“The government is clear that EU citizens play an important and positive role in our economy and society and we want that to continue after we leave,” a spokesman added.
As a long-serving home secretary before stepping into the top job in 2016, May pushed for tighter restrictions on immigration. She is one of the Conservative Partys most vocal supporters of a target to reduce immigration to the tens of thousands a year, something that dates back to her predecessor David Camerons 2010 manifesto, though its a target thats been consistently missed since then.
Theresa May has been unequivocal in her promise to use Brexit to control migration | Jack Taylor/Getty Images
While she backed Britains continued membership of the European Union in the 2016 referendum, May has since been unequivocal in her promise to use Brexit to control migration.
Will Tanner, one of the architects of Mays 2017 manifesto and now director of the Onward think tank, said the party couldnt go into a fourth general election in a row just pledging to cut net migration to the tens of thousands, a policy he said “hasnt delivered sustainable levels of migration and has been politically difficult.”
“They need to give people confidence that they want to reduce net migration, and put in place strict new controls to achieve it. Nothing less than a fundamental rewrite of policy is needed,” Tanner said.
MP for Boston and Skegness Matt Warman, who represents the most pro-Brexit constituency in the country, agreed. He said he fears that if the U.K. ends up with something that says “actually Europeans get special treatment,” it would be perceived by voters as not really leaving the EU.
Home Secretary Sajid Javid, who took over the brief in July, appears to have got the message, telling the House of Commons home affairs select committee in July he anticipates there will not be an automatic right for EU citizens to come to the U.K. without a visa and be able to get a job post Brexit, even for scientists, doctors and the highly skilled.
The U.K. is unlikely to set its migration policy in isolation.
But a report in the Times on Monday suggested he will push for limitless access to EU migrants for more than two years after a no-deal Brexit — a move Duncan-Smith described as “bizarre.”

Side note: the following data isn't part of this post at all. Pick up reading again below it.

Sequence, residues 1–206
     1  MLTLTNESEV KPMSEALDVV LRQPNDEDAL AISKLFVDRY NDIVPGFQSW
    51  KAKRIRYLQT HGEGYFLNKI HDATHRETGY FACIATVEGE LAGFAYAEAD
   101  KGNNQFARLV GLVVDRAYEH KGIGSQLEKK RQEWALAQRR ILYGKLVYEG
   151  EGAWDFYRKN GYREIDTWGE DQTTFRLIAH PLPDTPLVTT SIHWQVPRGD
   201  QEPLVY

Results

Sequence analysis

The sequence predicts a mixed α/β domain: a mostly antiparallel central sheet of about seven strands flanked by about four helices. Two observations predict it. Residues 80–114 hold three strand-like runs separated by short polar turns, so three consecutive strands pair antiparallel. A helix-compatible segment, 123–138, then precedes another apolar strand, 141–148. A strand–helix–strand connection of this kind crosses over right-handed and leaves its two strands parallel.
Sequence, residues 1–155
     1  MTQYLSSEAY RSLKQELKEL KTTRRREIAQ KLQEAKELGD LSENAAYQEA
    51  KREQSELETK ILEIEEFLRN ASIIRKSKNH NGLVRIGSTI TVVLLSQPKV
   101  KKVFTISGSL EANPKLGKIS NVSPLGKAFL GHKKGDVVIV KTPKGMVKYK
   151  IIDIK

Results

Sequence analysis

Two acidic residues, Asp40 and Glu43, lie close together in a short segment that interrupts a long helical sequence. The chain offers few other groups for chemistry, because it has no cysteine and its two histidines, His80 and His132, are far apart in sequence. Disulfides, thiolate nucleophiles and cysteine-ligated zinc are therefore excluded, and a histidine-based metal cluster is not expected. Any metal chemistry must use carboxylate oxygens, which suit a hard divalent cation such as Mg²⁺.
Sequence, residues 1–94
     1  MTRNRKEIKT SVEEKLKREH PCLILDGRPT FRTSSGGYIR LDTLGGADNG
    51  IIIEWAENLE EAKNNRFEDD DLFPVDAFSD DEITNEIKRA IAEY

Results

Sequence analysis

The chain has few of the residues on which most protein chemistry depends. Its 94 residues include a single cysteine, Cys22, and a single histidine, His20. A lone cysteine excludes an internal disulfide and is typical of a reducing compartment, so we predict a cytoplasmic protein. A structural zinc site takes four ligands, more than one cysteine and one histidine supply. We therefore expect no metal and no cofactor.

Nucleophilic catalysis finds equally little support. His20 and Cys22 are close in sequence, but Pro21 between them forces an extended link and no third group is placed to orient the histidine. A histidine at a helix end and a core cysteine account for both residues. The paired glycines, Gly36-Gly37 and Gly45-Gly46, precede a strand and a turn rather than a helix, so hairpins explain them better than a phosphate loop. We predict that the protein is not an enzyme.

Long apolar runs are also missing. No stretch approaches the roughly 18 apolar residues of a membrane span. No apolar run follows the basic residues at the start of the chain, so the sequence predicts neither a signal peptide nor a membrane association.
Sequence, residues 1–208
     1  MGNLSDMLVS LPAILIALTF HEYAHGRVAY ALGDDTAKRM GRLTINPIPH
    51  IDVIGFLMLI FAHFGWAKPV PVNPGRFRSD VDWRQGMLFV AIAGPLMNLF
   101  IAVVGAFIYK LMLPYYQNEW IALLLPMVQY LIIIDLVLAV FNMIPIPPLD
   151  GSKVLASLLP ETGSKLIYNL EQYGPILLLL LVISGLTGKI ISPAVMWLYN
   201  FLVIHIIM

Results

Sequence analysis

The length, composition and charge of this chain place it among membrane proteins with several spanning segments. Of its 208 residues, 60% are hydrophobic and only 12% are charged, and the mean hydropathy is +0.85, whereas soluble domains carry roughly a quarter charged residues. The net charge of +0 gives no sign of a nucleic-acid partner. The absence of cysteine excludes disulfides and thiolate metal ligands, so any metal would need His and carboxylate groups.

Digital Minister Margot James, however, tweeted her relief at the plan, describing it as “so important as an interim measure for the tech and creative industries.”
Another complicating factor is trade.
The U.K. is unlikely to set its migration policy in isolation since trade agreements frequently include some element of relaxed migration controls or preferential treatment for the trading partner. Another faction of Conservative MPs say the U.K. needs to be more realistic about the need to use immigration policy to negotiate market access and better trade terms, both with the European Union and further afield.
One Conservative MP, a member of the moderate Brexit Delivery Group, formed by a mix of MPs on both sides of the referendum debate who say they now favor “pragmatism,” said a new leader could be required to deliver a compromise on immigration.
“If you were on the battle bus in the referendum campaign [a reference to Boris Johnson or Michael Gove] and you promised black and white, and an end to free movement, or frankly if you are Theresa May and you have given the impression or specifically promised that Brexit means Brexit and it will mean an end to free movement, then I dont think you can carry on like that,” the MP said.
David Henig, a former U.K. government trade official and now U.K. director of the trade think tank the European Centre For International Political Economy, said it is “not daft” to link trade and visas. But he warned it would be complex given the U.K. doesnt know when it is going to have any trade deals, and there would be no one-size-fits-all model on visas.